The Wild Iris
Like it or not, life is change. You are no longer the same person you were one minute ago. By default, we are changed by time and by the world. We are also changed by the choices we make (which is why Shmoop is feeling remorseful about that second hot fudge sundae). "The Wild Iris" lends itself to many interpretations, but the poem seems particularly interested in two types of transformation: emotional and spiritual. Both involve suffering, but both arguably lead to freedom.
Questions About Transformation
- Do you think the speaker in "The Wild Iris" had any control over the process described in the poem? Why or why not? Have you ever felt like you were at the mercy of circumstances beyond your control? If so, how did you react, and what did you learn from the experience?
- Why do you think the speaker in "The Wild Iris" is so eager to talk about death? Do you consider it morbid to think or talk about death? Why or why not? In some traditions, reflecting on death is a recommended technique for promoting spiritual growth. Do you think this practice could be beneficial? Why or why not?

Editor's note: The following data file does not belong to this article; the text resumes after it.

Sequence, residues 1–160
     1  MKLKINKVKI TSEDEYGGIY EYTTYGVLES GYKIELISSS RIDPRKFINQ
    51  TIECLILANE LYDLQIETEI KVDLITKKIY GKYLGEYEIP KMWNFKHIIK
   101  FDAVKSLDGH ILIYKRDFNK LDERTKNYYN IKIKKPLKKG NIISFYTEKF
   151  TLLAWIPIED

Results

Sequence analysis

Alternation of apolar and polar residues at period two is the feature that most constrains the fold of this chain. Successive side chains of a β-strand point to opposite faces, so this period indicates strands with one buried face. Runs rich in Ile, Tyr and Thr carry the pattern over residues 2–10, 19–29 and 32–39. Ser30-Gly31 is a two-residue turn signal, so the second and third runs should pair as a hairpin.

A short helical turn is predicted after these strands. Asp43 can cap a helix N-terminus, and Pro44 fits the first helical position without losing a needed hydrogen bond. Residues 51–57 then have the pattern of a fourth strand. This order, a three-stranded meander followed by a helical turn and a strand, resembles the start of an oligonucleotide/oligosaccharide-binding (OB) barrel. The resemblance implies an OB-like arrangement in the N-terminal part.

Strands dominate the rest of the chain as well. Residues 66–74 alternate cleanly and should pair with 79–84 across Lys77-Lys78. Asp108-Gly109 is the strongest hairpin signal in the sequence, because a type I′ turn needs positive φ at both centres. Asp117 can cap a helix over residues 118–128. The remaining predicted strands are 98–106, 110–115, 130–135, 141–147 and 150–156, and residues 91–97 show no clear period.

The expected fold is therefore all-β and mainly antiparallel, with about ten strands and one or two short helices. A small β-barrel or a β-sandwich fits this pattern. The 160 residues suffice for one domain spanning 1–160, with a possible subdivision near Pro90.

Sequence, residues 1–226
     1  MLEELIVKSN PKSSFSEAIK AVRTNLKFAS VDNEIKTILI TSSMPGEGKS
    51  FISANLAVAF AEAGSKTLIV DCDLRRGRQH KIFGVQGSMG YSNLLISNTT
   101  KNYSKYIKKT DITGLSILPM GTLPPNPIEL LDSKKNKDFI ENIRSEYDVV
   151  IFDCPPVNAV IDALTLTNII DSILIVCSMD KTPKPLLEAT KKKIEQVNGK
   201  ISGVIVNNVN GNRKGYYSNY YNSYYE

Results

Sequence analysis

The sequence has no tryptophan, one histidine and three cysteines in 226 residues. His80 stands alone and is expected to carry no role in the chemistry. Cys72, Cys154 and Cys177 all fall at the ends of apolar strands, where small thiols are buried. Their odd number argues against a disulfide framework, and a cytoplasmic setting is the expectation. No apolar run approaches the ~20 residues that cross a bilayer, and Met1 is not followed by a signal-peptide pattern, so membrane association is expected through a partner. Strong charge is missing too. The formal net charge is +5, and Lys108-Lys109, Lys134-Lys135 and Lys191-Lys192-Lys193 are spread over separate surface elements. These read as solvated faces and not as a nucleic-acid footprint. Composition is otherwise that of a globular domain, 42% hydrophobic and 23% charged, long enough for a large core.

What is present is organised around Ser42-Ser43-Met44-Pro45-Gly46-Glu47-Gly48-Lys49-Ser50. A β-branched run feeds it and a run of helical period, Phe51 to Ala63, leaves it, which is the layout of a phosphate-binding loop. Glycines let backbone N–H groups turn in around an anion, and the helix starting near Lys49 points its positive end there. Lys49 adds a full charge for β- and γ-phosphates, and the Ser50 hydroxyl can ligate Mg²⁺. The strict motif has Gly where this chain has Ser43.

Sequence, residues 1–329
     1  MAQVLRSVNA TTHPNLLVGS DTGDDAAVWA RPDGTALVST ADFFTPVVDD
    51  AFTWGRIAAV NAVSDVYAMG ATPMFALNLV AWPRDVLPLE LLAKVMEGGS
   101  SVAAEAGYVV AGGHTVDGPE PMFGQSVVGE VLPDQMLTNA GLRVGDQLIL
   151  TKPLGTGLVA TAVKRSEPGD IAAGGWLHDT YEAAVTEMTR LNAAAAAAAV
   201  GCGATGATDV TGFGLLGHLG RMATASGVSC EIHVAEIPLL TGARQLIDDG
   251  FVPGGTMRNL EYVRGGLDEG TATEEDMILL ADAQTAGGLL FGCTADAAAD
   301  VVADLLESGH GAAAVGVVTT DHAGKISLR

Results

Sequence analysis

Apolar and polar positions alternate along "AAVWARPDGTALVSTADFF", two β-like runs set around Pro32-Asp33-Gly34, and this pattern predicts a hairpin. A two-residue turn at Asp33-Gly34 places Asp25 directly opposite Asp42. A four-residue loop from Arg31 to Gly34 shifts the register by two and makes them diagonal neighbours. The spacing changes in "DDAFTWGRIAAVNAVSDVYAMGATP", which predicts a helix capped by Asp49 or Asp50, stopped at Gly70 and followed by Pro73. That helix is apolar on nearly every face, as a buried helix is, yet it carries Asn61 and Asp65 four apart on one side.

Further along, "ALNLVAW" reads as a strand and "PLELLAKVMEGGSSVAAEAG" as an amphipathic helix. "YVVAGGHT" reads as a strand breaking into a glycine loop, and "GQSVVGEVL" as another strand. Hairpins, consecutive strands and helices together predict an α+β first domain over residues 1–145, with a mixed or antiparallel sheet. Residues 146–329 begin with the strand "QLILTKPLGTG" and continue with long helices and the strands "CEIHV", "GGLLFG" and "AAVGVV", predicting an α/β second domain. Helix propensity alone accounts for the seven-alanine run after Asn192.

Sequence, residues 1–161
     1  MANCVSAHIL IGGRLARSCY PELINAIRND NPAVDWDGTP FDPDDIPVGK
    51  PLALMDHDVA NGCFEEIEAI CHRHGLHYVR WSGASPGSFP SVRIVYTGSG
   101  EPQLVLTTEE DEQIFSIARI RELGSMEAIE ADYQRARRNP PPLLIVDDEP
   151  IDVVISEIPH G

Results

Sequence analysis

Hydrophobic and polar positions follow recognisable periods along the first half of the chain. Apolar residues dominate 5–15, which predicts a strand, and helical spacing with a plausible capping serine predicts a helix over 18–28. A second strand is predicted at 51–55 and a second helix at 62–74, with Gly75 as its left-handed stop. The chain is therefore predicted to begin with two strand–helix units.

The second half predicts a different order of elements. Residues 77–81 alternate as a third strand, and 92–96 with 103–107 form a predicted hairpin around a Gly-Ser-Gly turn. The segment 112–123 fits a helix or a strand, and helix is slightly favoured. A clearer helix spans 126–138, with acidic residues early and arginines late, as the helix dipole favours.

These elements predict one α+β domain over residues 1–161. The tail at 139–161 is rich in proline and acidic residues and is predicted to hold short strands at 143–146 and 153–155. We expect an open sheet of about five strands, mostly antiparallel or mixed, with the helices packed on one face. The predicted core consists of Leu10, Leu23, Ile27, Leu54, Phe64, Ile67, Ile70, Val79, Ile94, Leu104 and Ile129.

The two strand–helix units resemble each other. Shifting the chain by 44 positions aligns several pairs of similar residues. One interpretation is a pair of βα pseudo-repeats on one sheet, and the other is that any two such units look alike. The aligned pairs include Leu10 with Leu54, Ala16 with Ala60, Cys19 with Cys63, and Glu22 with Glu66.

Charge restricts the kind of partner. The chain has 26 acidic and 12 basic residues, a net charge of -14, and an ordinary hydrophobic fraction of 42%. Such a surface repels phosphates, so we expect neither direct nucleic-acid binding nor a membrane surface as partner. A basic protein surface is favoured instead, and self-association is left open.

- Imagine that you are interviewing the speaker of "The Wild Iris" about the experiences described in the poem. You ask the speaker, "How did those experiences affect you? Did they change how you feel about yourself or the world? Do you live your life differently now?" How do you think the speaker would respond?
Chew on This
"The Wild Iris" suggests that suffering can lead to emotional growth because painful experiences sometimes strengthen a person's character by breaking old habits and revealing new possibilities.
"The Wild Iris" suggests death is not an end. It's just yet another change we undergo.